First given in 1970, the IFT Fellow designation recognizes exemplary contributions to the field of food science and technology. Fellowship honors recipients’ accomplishments in the areas of scholarly advancement, service to the profession, inspiration of others to excel in the food science and technology field, primary responsibility for the success of a new food product, and/or improvement of the human condition via food science and technology. Whether working in industry, academia, or the regulatory area, IFT Fellows have shaped the science of food in immeasurably valuable ways.
IFT Fellows belong to an elite group. Nominees must have been members of IFT for at least 15 years. All IFT members may nominate candidates, and a group of IFT Fellows serves on a jury to elect the new class of Fellows. A complete list of Fellows can be found on ift.org. Congratulations to the 2017 IFT Fellows:
Rotimi Emmanuel Aluko, PhD, CFS
Professor, University of Manitoba, Canada
As a full professor at the University of Manitoba, Rotimi Emmanuel Aluko continues to make exemplary contributions to food science and technology through his globally recognized research program in protein chemistry and especially bioactive peptides. Aluko uses statistical modeling in combination with in vitro and in vivo analytical methods to establish the relationships between peptide structure (especially amino acid sequence) and function. His work has enabled significant advances in the use of plant proteins as high-quality food ingredients. Likewise, his scientific innovations have made significant contributions in the production, refining, composition, and therapeutic utilization of food protein–derived bioactive peptides.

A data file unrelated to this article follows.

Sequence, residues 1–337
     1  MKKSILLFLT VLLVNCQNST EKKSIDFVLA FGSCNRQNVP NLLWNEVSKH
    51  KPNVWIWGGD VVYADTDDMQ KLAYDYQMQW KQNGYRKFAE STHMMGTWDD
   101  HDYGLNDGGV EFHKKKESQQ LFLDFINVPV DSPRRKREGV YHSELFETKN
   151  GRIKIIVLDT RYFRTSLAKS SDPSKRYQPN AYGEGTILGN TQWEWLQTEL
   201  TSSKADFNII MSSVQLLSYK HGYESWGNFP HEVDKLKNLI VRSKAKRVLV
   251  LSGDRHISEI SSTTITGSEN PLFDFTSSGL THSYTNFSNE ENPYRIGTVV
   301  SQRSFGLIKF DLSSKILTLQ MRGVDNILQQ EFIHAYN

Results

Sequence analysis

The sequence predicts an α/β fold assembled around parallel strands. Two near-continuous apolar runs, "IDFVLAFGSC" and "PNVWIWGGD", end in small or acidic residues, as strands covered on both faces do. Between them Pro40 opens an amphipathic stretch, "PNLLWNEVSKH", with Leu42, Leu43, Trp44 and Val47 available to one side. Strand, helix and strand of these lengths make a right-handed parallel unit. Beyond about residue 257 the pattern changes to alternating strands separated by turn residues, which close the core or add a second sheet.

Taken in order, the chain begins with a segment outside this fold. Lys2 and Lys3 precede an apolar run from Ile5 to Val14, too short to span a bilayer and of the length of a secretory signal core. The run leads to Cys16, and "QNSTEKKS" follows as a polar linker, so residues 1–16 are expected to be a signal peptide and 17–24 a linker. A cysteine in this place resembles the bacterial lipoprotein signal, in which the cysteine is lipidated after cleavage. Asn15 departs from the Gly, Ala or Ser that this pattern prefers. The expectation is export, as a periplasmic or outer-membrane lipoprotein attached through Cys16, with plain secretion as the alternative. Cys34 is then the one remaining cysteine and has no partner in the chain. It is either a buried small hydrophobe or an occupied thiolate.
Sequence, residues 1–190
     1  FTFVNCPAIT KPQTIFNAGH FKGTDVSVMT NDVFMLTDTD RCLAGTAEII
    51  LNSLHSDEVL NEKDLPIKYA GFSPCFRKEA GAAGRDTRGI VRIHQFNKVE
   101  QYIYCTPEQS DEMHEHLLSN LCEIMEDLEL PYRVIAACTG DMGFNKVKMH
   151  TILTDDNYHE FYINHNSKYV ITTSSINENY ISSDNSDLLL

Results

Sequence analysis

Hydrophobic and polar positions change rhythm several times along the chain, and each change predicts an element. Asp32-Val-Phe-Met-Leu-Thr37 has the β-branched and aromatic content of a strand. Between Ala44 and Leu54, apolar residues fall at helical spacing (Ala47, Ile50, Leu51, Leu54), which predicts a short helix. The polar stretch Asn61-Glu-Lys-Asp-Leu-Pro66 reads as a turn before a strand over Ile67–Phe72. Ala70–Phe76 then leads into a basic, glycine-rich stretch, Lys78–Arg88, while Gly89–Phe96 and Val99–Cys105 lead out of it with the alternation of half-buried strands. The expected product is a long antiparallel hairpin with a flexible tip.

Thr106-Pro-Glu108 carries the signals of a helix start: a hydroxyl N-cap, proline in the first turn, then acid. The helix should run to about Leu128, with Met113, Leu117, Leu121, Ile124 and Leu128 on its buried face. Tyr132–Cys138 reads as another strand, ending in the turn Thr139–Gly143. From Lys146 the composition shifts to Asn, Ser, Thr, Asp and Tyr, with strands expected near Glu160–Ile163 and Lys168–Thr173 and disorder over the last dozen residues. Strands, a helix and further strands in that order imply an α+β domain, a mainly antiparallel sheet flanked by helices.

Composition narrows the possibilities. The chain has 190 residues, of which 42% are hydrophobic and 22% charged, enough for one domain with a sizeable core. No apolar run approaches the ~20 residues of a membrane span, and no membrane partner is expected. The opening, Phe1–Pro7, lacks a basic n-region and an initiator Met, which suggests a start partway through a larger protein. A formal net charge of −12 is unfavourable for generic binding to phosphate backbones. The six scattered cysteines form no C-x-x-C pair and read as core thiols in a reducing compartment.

MaryAnne Drake, PhD
Professor, North Carolina State University
MaryAnne is a William Neal Reynolds Distinguished Professor in the Department of Food, Bioprocessing and Nutrition Sciences, North Carolina State University where she has conducted research on the flavor and flavor chemistry of foods for more than fifteen years. Her research is focused on understanding how processing steps influence flavor and consumer perception of foods. MaryAnne has published more than 230 peer-reviewed manuscripts and given more than 300 invited industry presentations. MaryAnne is the Past President of the American Dairy Science Association and the Director of the Southeast Dairy Foods Research Center.
Bo Jiang, PhD
Professor, Jiangnan University, Wuxi, China
Bo Jiang, a professor at Jiangnan University in China, is a distinguished researcher and prominent international scholar in the field of food science and technology. His career contributions to the profession include 30 years of innovative research and stellar leadership in the field of food enzymes for functional ingredients. He has successfully integrated the highly selective molecular construction of food grade enzymes and enzymology resulting in the industrialization of functional ingredients, including rare sugars, prebiotics, and bioactive amino acids. Jiang has played a pivotal role in transforming the global stature of Chinese food science higher education and helping establish the first ever IFT Higher Education Review Board (HERB) approved food science undergraduate program in China.
Tara McHugh, PhD
Research Leader, U.S. Dept. of Agriculture, Agricultural Research Service, Western Regional Research Center